Apart from the obvious argument that cross-jurisdictional financial regulatory framework would fail to fit all financial services firms, categorizing these firms into distinct levels of systemic risk, and requiring them to apply similar rules and practices, may increase homogeneity. This risk already exists because of the Dodd-Frank Act (DFA) of 2010 and the European Markets Infrastructure Regulation (EMIR) of 2012, but its magnitude would significantly increase under TTIP’s proposals. Homogeneity, by its very nature, discourages firm-level organizational experimentation and innovation, and therefore hobbles financial services firms by requiring them to predominantly offer certain services and investment products. This affects the general equilibrium of supply and demand across different tradable assets and exposes certain market participants that are less agile in adapting their offer to potential profit losses. In addition, as explained in Lawrence J. Kotlikoff’s 2010 book Jimmy Stewart Is Dead: Ending the World’s Ongoing Financial Plague with Limited Purpose Banking, categorized financial services firms can become exposed to the same asset classes through the mechanism of limited purpose banking, and their performance can become correlated. This ultimately leads to an increased financial instability risk. Furthermore, homogeneity entails a high cost for financial services firms because they are constrained to operating within an ever-increasing competitive landscape. In this environment, the key for differentiation moves outside of the high-risk, high-returns operating model, and new metrics must be developed.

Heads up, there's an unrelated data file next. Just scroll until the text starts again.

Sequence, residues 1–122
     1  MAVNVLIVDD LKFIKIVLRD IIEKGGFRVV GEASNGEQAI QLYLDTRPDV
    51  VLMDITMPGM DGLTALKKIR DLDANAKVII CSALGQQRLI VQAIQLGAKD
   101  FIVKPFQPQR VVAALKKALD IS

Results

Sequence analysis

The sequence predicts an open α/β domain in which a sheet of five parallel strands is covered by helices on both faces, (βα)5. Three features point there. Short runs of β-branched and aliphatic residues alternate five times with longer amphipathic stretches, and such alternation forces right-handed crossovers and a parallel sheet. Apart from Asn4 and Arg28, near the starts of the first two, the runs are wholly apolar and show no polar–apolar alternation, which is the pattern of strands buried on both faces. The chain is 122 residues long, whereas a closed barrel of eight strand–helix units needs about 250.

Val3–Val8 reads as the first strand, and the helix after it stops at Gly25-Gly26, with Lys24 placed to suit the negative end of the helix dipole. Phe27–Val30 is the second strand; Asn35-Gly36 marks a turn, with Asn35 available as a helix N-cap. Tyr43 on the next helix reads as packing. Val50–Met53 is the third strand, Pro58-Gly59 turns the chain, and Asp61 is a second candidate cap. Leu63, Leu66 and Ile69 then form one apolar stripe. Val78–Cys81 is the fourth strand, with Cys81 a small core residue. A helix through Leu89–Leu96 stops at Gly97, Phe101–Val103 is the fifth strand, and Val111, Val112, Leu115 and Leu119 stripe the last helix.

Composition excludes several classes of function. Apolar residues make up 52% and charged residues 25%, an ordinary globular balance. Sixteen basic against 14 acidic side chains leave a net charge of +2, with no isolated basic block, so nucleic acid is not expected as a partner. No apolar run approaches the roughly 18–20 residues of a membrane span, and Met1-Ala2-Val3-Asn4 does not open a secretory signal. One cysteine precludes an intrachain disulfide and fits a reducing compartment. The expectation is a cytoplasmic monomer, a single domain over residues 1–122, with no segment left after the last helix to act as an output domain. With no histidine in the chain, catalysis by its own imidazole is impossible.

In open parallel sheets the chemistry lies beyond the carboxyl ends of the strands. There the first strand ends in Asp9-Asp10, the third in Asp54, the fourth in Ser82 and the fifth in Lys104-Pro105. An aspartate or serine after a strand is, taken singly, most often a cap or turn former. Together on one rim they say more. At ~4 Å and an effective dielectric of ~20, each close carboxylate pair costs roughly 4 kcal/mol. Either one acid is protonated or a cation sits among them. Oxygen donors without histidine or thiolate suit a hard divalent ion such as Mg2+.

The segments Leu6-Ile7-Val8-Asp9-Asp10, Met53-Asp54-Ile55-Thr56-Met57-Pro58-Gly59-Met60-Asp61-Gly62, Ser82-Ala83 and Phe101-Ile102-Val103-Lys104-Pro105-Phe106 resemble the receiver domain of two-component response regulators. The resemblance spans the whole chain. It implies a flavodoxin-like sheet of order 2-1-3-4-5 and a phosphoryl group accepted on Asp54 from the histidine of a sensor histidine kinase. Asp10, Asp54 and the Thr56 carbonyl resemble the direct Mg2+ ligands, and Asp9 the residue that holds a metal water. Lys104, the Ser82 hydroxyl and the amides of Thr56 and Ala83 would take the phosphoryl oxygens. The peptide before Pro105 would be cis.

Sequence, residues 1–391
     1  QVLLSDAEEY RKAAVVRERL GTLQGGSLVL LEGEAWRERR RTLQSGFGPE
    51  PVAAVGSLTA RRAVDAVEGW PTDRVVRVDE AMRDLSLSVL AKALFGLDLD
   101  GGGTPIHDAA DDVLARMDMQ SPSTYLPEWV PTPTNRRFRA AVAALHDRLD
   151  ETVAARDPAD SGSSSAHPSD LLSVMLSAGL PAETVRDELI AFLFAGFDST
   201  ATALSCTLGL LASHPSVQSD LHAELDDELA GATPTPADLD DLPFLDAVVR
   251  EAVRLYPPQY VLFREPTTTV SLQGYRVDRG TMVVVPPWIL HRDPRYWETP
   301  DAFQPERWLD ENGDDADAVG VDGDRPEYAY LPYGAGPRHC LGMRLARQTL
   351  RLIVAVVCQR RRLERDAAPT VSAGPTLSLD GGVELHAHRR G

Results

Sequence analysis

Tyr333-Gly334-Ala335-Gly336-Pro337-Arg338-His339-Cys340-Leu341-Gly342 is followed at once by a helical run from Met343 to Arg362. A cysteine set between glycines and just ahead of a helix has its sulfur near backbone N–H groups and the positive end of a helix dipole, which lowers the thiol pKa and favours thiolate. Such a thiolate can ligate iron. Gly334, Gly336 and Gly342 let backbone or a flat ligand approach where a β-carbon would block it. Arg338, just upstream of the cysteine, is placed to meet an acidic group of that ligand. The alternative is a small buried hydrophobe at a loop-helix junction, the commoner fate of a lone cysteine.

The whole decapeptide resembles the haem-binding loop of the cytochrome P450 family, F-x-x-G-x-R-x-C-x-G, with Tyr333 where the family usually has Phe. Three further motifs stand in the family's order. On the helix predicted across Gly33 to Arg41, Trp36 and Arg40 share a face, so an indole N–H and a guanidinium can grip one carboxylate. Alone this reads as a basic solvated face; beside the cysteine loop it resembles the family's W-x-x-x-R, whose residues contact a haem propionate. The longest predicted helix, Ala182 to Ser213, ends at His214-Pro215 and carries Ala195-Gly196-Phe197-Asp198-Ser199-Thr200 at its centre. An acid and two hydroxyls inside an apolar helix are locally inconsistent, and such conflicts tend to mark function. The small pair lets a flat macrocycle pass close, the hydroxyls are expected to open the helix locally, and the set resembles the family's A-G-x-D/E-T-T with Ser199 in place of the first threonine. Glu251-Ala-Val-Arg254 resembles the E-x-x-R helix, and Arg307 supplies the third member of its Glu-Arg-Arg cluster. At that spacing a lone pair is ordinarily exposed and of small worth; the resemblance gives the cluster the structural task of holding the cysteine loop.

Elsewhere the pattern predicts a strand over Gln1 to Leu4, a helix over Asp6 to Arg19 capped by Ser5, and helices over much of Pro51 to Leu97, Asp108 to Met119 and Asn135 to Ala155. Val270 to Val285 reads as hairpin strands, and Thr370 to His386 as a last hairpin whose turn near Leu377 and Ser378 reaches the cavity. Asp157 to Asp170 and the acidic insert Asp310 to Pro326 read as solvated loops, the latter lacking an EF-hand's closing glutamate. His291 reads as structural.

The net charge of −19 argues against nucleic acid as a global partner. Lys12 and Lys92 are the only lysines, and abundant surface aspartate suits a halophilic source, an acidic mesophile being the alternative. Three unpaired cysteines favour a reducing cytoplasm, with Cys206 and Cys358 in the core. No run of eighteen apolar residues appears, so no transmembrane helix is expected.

One main factor behind the Global Financial Crisis of 2007 was fast-paced financial innovation facilitated by technological improvements and reduced costs (including lower transaction costs). The pace of financial innovation has since been reduced, as financial regulation incurs three main costs: additional financing cost, margin for over-the-counter derivatives, and clearing fees. Despite these costs, financial innovation continues now and will continue in the future—and, while key to for driving growth, it can also be a catalyst for driving systemic risk. Because of this, TTIP’s recommendation to convert soft law into binding international legal obligations has raised considerable criticism. Financial services firms have the capacity to create new products and strategies within very short timeframes, as well as to undertake business model changes quickly. In addition, the speed of financial markets in terms of their behavior is significantly high and, as a result, it is vital that any financial regulatory framework be agile rather than binding. Moreover, renegotiating the terms of the DFA and the existing European Union financial regulations to achieve a transatlantic consensus would be very laborious and, in the interim period, pose a serious risk to the effective supervision of financial markets.